Court Memoirs of France Series— Complete

Author: Various

Section VIII.

"I have already mentioned that Marie Antoinette had no decided taste for literature. Her mind rather sought its amusements in the ball-room, the promenade, the theatre, especially when she herself was a performer, and the concert-room, than in her library and among her books. Her coldness towards literary men may in, some degree be accounted for by the disgust which she took at the calumnies and caricatures resulting from her mother’s partiality for her own revered teacher, the great Metastasio. The resemblance of most of Maria Theresa’s children to that poet was coupled with the great patronage he received from the Empress; and much less than these circumstances would have been quite enough to furnish a tale for the slanderer, injurious to the reputation of any exalted personage.

"The taste of Marie Antoinette for private theatricals was kept up till the clouds of the Revolution darkened over all her enjoyments.

"These innocent amusements were made subjects of censure against her by the many courtiers who were denied access to them; while some, who were permitted to be present, were too well pleased with the opportunity of sneering at her mediocrity in the art, which those, who could not see her, were ready to criticise with the utmost severity. It is believed that Madame de Genlis found this too favourable an opportunity to be slighted. Anonymous satires upon the Queen’s performances, which were attributed to the malice of that authoress, were frequently shown to Her Majesty by good-natured friends. The Duc de Fronsac also, from some situation he held at Court, though not included in the private household of Her Majesty at Trianon, conceiving himself highly injured by not being suffered to interfere, was much exasperated, and took no pains to prevent others from receiving the infection of his resentment.

"Of all the arts, music was the only one which Her Majesty ever warmly patronised. For music she was an enthusiast. Had her talents in this art been cultivated, it is certain from her judgment in it that she would have made very considerable progress. She sang little French airs with great taste and feeling. She improved much under the tuition of the great composer, her master, the celebrated Sacchini. After his death, Sapio was named his successor; but, between the death of one master and the appointment of another, the revolutionary horrors so increased that her mind was no longer in a state to listen to anything but the howlings of the tempest.

"In her happier days of power, the great Gluck was brought at her request from Germany to Paris. He cost nothing to the public Treasury, for Her Majesty paid all his expenses out of her own purse, leaving him the profits of his operas, which attracted immense sums to the theatre.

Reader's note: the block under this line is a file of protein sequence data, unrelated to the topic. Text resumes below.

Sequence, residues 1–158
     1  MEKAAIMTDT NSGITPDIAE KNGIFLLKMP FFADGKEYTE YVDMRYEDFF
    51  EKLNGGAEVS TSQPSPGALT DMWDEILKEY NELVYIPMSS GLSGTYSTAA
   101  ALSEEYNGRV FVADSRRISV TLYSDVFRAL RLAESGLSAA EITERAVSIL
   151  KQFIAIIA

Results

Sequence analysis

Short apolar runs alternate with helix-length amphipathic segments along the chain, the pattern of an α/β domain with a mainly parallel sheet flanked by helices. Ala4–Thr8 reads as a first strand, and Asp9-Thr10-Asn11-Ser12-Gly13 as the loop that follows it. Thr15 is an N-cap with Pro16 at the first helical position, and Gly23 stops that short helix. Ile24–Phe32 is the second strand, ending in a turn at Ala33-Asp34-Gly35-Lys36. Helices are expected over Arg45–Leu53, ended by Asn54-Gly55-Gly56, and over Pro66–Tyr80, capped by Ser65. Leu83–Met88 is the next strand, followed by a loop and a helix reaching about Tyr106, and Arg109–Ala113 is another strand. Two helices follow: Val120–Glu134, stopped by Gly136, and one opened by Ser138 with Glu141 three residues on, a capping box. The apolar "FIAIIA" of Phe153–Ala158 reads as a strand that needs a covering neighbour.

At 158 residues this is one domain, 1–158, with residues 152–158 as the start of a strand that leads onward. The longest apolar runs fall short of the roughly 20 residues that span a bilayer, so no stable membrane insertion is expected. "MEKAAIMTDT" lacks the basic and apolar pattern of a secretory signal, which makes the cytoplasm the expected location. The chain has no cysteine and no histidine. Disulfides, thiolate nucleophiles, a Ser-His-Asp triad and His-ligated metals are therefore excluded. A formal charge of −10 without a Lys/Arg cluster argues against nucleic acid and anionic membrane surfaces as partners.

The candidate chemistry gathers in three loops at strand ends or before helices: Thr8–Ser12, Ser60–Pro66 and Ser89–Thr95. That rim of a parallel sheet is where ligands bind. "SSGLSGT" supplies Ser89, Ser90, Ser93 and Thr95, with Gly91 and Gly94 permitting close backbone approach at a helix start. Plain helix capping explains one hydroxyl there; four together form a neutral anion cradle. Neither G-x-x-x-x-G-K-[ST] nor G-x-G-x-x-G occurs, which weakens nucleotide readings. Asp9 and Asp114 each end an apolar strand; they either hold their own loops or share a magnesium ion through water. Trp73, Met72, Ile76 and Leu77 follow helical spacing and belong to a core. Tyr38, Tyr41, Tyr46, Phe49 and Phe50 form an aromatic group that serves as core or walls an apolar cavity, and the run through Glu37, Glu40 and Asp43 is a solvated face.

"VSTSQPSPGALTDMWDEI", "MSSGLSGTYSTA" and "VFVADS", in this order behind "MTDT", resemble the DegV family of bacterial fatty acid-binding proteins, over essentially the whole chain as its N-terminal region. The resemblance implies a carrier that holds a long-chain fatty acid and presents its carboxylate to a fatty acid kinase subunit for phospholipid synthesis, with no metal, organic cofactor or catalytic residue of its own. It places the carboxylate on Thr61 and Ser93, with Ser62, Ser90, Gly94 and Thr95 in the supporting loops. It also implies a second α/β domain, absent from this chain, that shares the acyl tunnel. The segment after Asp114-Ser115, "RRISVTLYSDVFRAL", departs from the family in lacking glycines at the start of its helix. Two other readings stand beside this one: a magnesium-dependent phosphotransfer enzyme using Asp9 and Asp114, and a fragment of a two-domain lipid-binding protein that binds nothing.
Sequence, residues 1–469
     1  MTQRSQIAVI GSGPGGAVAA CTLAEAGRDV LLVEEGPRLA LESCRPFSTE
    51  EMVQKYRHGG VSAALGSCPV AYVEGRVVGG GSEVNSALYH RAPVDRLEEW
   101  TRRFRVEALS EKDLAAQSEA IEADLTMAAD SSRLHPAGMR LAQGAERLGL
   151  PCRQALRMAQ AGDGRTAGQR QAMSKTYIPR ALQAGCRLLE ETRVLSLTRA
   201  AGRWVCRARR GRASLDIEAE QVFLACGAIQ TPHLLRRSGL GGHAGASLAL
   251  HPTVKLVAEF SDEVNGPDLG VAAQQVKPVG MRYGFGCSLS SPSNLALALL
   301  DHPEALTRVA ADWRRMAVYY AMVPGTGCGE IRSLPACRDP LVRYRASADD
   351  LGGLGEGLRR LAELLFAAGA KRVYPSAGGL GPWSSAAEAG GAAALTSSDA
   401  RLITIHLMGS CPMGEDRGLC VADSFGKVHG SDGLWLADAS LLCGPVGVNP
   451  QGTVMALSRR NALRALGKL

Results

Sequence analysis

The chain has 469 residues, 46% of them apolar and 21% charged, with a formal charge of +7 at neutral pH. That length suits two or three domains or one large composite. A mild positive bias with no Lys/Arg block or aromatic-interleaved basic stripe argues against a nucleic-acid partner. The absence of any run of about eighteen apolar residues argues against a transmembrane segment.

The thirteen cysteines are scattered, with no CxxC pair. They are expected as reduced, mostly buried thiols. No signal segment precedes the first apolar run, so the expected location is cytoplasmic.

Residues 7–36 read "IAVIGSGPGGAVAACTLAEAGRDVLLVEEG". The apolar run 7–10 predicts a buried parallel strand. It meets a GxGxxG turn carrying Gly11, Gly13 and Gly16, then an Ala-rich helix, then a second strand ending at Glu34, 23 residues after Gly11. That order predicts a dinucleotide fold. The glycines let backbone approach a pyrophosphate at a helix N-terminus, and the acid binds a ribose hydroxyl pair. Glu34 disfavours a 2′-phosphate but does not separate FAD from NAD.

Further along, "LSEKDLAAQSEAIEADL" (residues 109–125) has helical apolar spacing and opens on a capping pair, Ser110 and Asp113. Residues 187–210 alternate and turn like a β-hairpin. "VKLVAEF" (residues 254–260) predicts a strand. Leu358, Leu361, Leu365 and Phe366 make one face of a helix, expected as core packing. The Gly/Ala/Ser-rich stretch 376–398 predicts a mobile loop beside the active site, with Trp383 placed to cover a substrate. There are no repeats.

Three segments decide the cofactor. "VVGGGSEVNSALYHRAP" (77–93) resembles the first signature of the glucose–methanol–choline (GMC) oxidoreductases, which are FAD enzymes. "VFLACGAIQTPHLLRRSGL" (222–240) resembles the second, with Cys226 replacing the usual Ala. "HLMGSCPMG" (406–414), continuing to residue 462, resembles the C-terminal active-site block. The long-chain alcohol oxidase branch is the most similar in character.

"Marie Antoinette paid for the musical education of the French singer, Garat, and pensioned him for her private concerts.

"Her Majesty was the great patroness of the celebrated Viotti, who was also attached to her private musical parties. Before Viotti began to perform his concertos, Her Majesty, with the most amiable condescension, would go round the music saloon, and say, ’Ladies and gentlemen, I request you will be silent, and very attentive, and not enter into conversation, while Mr. Viotti is playing, for it interrupts him in the execution of his fine performance.

"Gluck composed his Armida in compliment to the personal charms of Marie Antoinette. I never saw Her Majesty more interested about anything than she was for its success. She became a perfect slave to it. She had the gracious condescension to hear all the pieces through, at Gluck’s request, before they were submitted to the stage for rehearsal. Gluck said he always improved his music after he saw the effect it had upon Her Majesty.

"He was coming out of the Queen’s apartment one day, after he had been performing one of these pieces for Her Majesty’s approbation, when I followed and congratulated him on the increased success he had met with from the whole band of the opera at every rehearsal. ’O my dear Princess!’ cried he, ’it wants nothing to make it be applauded up to the seven skies but two such delightful heads as Her Majesty’s and your own.’ —’Oh, if that be all,’ answered I, ’we’ll have them painted for you, Mr. Gluck!’—’No, no, no! you do not understand me,’ replied Gluck, ’I mean real, real heads. My actresses are very ugly, and Armida and her confidential lady ought to be very handsome:

"However great the success of the opera of Armida, and certainly it was one of the best productions ever exhibited on the French stage, no one had a better opinion of its composition than Gluck himself. He was quite mad about it. He told the Queen that the air of France had invigorated his musical genius, and that, after having had the honour of seeing Her Majesty, his ideas were so much inspired that his compositions resembled her, and became alike angelic and sublime!